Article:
Hmmm...yes. I do think proprietary anything, with the exception of source code for the soft/firmware that runs one particular manaufacturers reader, is a bad idea. You know, they're essentially forcing you to read from a certain library. That's my metaphor anyway. I'd rather, ideally, *all* digital readers, whoever manufactured them, would allow the consumer to get books from whatever damn source they please.
I can totally appreciate the idea of keeping, you know, two hundred books in one reasonably small gadget because of the space saving. My problem with digital anything is when they go tits up and can't be saved. Now you've got a block of plastic and circuitry that has all those books and you can't access them till you get a new reader and, if you're lucky, get the broken one to download them to the new one. A convential library's biggest threat is usually fire and moths.
Re: advertising downloaded ( wrapped to ) a book. Well, you're right this is good for publishers and you're also right they need the money. Personally, I hope they are able to stay in the game because they bring us great authors. They can develop writing talent the more money they have, which results in us readers being able to discover great stories.
Sure, any writer can self-publish, but you can kind of easily see a lot of amateurish mistakes that can be 'honed' or 'filtered' by the traditional gauntlet of agents and editors. That said, for those of you who do use these, when you go to look for new books to download....gosh, how do I put this?...is there a section or way of knowing an author is self-published vs those are more professionally represented? Like, do you get a list of Pendam books let's say and then maybe a list of self-published authors. For ME, I'd want to know such distinct areas are made versus having to chug through a bunch of titles all crammed together with no rhyme or reason ( I mean at the point of downloading or purchasing ).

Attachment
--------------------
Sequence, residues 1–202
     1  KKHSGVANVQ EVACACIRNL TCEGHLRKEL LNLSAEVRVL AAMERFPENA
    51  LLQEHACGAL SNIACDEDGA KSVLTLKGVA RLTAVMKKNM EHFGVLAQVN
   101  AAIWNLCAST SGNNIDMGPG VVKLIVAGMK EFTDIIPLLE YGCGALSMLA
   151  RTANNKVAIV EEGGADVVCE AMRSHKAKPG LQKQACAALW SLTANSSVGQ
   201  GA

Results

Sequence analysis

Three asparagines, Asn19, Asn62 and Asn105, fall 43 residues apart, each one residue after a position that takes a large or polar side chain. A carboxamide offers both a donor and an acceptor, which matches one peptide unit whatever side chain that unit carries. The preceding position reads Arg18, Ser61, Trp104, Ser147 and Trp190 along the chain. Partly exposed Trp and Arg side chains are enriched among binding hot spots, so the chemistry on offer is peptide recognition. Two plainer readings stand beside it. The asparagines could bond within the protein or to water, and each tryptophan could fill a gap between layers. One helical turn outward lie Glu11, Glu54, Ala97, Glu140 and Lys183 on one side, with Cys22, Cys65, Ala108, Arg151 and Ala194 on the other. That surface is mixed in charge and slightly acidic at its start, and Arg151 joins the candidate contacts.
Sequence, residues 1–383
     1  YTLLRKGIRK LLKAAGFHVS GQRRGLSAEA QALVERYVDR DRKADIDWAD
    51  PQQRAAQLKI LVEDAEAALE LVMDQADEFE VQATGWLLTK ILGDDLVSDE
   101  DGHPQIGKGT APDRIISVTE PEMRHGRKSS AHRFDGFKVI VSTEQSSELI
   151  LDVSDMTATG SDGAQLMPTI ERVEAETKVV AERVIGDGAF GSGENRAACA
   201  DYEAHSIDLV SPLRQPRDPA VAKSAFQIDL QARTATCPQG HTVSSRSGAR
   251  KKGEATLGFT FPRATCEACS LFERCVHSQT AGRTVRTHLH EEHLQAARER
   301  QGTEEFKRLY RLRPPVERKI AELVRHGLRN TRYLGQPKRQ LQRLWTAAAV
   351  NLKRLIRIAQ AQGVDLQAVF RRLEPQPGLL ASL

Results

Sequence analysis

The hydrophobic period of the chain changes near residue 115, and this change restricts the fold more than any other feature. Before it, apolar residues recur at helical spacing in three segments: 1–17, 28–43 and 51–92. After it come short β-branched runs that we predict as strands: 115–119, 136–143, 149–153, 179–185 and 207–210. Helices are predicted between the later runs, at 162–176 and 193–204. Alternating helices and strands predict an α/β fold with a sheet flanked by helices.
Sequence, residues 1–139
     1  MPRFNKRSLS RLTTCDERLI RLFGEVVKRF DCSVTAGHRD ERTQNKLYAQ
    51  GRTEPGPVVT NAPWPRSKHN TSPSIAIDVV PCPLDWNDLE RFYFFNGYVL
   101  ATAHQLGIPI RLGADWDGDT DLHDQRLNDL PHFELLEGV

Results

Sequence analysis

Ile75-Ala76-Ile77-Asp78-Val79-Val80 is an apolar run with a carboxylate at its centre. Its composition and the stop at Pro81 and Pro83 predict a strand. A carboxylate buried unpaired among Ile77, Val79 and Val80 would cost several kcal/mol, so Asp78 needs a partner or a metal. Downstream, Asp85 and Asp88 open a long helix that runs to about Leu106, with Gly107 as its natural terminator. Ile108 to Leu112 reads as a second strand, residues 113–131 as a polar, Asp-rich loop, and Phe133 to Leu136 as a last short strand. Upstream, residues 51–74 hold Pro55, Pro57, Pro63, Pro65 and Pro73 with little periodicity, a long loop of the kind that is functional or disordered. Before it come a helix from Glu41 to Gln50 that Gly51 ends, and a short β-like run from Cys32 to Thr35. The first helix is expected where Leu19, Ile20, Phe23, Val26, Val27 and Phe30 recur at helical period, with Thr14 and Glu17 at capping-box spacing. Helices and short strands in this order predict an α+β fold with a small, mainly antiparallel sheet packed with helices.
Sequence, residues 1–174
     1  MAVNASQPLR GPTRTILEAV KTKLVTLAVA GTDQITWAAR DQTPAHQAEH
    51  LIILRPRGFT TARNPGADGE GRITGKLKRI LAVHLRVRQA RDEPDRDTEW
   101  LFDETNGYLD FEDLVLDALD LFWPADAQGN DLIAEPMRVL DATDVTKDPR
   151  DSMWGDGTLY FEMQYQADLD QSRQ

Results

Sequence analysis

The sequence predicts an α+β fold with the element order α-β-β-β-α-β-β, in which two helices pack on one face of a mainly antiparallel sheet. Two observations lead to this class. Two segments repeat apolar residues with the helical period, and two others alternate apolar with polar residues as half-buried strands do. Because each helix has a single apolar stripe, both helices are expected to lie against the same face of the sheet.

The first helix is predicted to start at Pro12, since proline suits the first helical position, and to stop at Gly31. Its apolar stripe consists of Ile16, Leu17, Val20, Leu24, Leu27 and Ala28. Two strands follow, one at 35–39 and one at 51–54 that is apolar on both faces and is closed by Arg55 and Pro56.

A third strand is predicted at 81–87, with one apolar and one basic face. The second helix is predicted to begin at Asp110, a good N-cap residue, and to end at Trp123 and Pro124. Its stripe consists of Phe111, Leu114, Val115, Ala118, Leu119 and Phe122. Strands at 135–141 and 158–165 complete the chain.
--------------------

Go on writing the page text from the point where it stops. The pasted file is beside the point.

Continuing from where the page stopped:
I'm very green to this, does it show? LOL
Also, I have had hard bound books that are just flat out antiques and valuable. No way in the world would I part with them even if I bought their digitized version. As intrigued as I am by the idea of things like the Kindle, I still want my own library at home ( though I confess i donate or throw paperbacks right in the trash ).
Anyone think the iPad will try to do it all and include digital books? Sometimes when these manufacturers start trying to deliver every available media form, they wind up with a crappy machine.